Pua Cooper MSN, RN, CMUP
"What medications do you take?" It sounds like an easy enough question. However, as most clinicians know, getting an accurate and comprehensive medication list from patients can be difficult. Patients often do not recall drug names nor do they always recall the dose of that one tablet taken daily. With 10.7% of people using 5 or more prescription drugs every day, it is no wonder that patients struggle to keep it all straight. Although healthcare providers recognize the importance of medication reconciliation in preventing medical errors, the same cannot always be said for patients. Educating and engaging patients to take a more active role can enhance medication safety.
The Clinician as the Patient
Recently, I found myself being worked up by a rheumatologist. When asked to provide a list of home meds, I forgot to share an acne skin cream. I have used it for so long that I hardly consider it a medication but more so a part of my skin care regime. When I realized my omission halfway through the visit, imagine my embarrassment to discover that this medication can cause drug-induced lupus. Being in healthcare, I know the importance of a complete medication list, yet I was now the patient inadvertently omitting vital diagnostic information. Resolved to not have it happen again, I resigned myself to make a formal list of medications rather than rely on memory.
Being an informaticist, the obvious solution was to download a mobile app that could be easily accessed using my smart phone. Let’s start by saying that not all apps are created equally! A simple search resulted in an overwhelming list of options. All the apps helped to create a med list but what else did I need? Some apps required users to manually type drug names; others pulled drugs and common dosages from a database. Others even allowed the scanning of prescription bottle barcodes to populate the list. There were reminders to take medications at scheduled times and reminders to get prescriptions refilled. Some apps offered the ability to add an image of the pill or look up common side effects. One application even allowed users to securely share their list with family members or caregivers. After settling on one an hour later, there was a new list of considerations. Do I need to set up an account? Why is it asking me to use my Facebook account? Why is it asking for permission to track my location? It left me questioning whether my personal health information was safe and secure.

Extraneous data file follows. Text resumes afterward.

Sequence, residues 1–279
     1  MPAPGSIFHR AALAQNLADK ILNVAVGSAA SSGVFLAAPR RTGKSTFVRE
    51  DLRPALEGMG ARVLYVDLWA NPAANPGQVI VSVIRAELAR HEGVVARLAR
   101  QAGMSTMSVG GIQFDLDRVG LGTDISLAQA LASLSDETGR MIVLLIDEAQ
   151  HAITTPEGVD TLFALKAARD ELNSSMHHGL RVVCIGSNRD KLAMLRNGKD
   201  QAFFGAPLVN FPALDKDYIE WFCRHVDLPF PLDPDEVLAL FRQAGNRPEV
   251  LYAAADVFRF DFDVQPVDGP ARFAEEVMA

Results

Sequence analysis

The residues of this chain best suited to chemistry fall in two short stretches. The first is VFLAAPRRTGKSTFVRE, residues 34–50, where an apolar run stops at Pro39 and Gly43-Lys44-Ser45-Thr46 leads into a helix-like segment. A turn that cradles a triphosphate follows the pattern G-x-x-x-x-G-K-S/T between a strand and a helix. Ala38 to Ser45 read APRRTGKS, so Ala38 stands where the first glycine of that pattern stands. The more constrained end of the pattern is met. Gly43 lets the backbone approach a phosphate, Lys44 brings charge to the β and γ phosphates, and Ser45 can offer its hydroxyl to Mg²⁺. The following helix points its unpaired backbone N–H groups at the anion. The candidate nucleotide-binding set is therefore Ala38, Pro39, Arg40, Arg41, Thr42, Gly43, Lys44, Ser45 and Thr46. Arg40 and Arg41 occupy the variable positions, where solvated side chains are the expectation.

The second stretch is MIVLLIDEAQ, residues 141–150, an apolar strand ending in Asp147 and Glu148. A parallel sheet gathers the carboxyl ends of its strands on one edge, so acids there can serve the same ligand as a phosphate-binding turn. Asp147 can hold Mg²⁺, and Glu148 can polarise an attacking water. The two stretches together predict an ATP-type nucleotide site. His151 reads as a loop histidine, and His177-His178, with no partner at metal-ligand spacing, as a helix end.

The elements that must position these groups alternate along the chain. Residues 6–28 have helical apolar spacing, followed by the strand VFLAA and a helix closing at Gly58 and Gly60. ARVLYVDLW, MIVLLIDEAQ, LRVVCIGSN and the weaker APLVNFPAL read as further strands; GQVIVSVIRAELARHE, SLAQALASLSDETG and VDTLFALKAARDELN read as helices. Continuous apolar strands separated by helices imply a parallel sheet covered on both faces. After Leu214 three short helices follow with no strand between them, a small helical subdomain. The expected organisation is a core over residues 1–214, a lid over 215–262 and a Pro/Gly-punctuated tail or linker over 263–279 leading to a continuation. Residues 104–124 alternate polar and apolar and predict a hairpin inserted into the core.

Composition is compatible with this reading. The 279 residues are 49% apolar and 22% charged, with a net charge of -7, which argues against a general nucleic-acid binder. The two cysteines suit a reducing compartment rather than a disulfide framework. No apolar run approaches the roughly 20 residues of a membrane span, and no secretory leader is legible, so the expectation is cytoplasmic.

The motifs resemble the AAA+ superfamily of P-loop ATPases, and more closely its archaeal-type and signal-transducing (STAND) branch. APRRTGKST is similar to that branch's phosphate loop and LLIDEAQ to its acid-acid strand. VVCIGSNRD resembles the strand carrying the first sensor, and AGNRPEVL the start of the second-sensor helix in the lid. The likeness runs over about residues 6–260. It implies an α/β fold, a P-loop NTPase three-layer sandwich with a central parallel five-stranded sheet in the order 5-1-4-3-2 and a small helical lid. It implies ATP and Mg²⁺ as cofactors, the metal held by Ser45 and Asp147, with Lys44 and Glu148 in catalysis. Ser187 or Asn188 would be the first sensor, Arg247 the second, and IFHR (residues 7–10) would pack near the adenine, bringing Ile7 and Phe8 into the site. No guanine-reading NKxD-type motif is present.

Ultimately, I worked through my concerns and downloaded a mobile application but it was not a 10-minute task despite my working knowledge of medicine and technology. Let’s face it, there are few patients walking around with an up-to-date medication list on their person—but the use of mobile applications can potentially make that a reality. As healthcare workers, we need to play a more active role educating patients on what technology can offer. Patients need help in understanding what is valuable to their healthcare team and what isn’t. More features do not necessarily make it a better app. Proactively educating patients on what to expect from healthcare apps may minimize frustrations that prevent adoption. How can we expect patients use these tools if we do not experience them and use them ourselves?
About the Contributor
Pua Cooper is the Director of Nursing & Clinical Informatics at Boca Raton Regional Hospital. She has been a practicing nurse informaticist since 2008, obtaining her MSN in Nursing Informatics from Walden University. With a clinical background in critical care and 25 years of hospital experience, she has helped her organization to successfully adopt technology to better patient care and outcomes. She has been a member of HIMSS since 2012 participating on the Nursing Informatics Task Force, the Nursing Informatics Executive Work Group, the Clinical Insights Editorial Committee, and the South Florida Chapter Advocacy Committee
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